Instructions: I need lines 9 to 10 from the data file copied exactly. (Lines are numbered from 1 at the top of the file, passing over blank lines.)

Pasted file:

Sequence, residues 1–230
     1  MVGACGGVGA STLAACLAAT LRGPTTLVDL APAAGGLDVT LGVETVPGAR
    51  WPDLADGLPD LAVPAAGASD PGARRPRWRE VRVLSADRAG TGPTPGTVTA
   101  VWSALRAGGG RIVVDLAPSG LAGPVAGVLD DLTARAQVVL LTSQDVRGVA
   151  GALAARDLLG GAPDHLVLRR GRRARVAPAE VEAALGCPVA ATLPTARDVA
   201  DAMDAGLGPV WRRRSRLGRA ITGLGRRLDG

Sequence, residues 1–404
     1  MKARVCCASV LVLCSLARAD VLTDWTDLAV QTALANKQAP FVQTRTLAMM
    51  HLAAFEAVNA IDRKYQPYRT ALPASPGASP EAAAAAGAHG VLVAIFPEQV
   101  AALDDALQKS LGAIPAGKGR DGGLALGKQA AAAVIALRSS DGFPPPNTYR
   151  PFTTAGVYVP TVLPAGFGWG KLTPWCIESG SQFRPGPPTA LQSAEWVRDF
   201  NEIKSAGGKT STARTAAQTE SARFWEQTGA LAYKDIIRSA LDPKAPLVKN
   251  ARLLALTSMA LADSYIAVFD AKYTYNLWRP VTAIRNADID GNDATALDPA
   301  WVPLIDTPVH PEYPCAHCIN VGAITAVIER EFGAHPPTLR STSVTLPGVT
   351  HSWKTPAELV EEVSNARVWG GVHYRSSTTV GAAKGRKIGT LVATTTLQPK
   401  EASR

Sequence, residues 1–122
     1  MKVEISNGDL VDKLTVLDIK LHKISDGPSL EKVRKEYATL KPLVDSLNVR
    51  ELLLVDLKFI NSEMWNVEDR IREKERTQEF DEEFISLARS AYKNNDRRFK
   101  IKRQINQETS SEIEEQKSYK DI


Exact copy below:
    51  HLAAFEAVNA IDRKYQPYRT ALPASPGASP EAAAAAGAHG VLVAIFPEQV
   101  AALDDALQKS LGAIPAGKGR DGGLALGKQA AAAVIALRSS DGFPPPNTYR